As a college or university student, your career and future hinge on your performance and your ability to advance academically. Unfortunately, an institute of higher learning functions like a bureaucracy—loads of paperwork and seemingly endless “red tape” to get the simplest things done. Sometimes a lost bit of paperwork causes your class registration to be delayed—and maybe a class you needed fills up while you're waiting. Maybe the only thing stopping your financial aid from coming through is a signature on a piece of paper lost in a pile on someone's desk—and the university is sending you collection notices in the meantime.
It can be easy at times like these for a student to be tempted to “hasten things along.” If the only thing gumming up the works or hindering your progress is a missing document someone's signature—why not just create the document or the signature? Or, if a single grade on your transcript is dropping your GPA below the honors threshold—what could be the harm in “fixing” that one grade?
As simple as it seems to do something like this, what we've just described is an act of forgery. Since colleges are themselves held to stringent standards of accuracy, they take any act of falsifying documents or forged signatures as a serious offense. Regardless of a student's motives for doing so, being accused of forgery can result in serious penalties that may include expulsion and the revoking of your degree—even if your academic record has been flawless, and even if you've never been in trouble before. Furthermore, if the forgery was of an official document, you may be even be facing felony charges outside of the school.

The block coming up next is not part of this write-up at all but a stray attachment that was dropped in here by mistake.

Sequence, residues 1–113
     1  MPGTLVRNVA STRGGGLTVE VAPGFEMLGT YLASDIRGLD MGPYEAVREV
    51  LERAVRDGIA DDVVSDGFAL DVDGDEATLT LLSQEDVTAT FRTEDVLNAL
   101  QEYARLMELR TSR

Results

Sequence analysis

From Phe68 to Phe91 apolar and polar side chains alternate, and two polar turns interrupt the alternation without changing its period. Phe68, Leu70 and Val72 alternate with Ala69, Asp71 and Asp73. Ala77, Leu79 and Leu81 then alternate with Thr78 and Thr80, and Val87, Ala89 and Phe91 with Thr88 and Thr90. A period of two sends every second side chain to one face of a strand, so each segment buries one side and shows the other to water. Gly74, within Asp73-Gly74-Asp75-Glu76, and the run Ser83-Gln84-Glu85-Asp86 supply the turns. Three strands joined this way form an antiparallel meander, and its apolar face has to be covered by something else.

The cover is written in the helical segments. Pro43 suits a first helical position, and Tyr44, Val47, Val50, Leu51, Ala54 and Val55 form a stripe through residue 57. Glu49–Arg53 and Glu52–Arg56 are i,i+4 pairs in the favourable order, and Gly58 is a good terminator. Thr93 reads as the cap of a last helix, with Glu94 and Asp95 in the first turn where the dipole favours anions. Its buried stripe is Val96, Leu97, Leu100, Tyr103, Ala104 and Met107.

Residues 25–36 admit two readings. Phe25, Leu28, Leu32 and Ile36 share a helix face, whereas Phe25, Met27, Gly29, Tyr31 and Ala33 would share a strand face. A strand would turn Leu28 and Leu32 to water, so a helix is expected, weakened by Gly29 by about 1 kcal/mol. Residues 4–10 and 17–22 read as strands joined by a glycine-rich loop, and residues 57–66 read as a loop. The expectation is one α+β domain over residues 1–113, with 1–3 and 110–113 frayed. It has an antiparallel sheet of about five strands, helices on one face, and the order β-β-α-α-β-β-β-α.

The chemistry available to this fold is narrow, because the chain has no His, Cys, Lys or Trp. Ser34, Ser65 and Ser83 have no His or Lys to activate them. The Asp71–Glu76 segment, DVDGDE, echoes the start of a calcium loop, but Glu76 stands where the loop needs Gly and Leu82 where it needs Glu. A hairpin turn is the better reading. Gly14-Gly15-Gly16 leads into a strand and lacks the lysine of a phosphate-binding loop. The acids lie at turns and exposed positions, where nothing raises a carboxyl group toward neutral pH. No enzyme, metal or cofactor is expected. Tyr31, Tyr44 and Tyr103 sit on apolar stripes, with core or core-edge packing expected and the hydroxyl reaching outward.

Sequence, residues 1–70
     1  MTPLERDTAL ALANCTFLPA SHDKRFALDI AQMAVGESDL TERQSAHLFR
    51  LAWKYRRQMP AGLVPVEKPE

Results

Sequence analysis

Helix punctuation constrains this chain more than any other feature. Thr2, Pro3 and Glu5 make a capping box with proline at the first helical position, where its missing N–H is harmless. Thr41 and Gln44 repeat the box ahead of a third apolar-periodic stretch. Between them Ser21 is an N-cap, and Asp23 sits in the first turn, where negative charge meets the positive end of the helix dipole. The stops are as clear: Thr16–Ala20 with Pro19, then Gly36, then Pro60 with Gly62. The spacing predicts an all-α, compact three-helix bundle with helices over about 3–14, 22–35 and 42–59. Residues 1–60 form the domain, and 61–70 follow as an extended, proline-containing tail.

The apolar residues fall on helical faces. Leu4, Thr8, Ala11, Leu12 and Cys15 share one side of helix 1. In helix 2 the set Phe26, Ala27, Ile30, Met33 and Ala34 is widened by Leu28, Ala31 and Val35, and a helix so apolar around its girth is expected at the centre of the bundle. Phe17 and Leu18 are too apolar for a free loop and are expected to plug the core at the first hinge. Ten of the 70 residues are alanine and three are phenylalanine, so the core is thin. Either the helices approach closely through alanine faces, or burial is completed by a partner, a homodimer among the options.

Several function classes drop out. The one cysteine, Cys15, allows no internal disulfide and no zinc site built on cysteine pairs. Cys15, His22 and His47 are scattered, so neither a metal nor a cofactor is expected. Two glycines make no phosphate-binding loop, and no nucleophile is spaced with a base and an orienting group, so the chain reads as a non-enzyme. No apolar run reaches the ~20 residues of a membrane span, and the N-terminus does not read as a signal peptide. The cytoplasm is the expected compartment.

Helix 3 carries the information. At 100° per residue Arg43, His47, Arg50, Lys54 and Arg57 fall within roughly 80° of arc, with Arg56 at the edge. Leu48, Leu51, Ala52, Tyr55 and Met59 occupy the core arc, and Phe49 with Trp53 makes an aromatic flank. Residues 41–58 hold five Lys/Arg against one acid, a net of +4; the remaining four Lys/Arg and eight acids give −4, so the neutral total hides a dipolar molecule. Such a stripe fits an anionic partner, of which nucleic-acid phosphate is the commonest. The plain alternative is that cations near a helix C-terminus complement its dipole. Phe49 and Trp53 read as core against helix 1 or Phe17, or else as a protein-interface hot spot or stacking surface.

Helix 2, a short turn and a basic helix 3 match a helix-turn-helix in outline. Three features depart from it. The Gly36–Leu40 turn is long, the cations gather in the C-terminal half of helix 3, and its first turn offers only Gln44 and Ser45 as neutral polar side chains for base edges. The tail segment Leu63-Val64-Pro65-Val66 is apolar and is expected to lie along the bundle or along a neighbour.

If you're a student accused of forgery—or if you're a parent of an accused student—there's too much at stake to face these charges alone. Joseph D. Lento has extensive experience as an attorney-advisor for students accused of forgery and other types of academic misconduct. Your chances of a positive outcome go up considerably with a legal ally who understands the school disciplinary process and can represent your interests.
What Is Forgery?
Forgery simply means “false writing.” From a legal standpoint—which is how the school looks at it—forgery refers to creating, altering, or using “false writing” for fraudulent purposes. Since our educational systems operate by documentation (i.e., a “paper trail”), it's critical for the documents to be legitimate and trustworthy. A forged document—or a forged signature on a document—effectively breaks this trust because it represents something that it is not, and therefore evokes a response that would otherwise not be warranted or earned.
Between the stunning accuracy of printers these days and the availability of documents online, it has become easier over the years (and more of a temptation) for students to commit forgery. Common examples of forgery in a college/university setting may include:
- Falsifying administrative documents (e.g., registration or admission records, academic transcripts, student employment, etc.)
- Falsifying financial aid documents
- Creating fake identification (e.g., driver license, school IDs) to enroll in classes unlawfully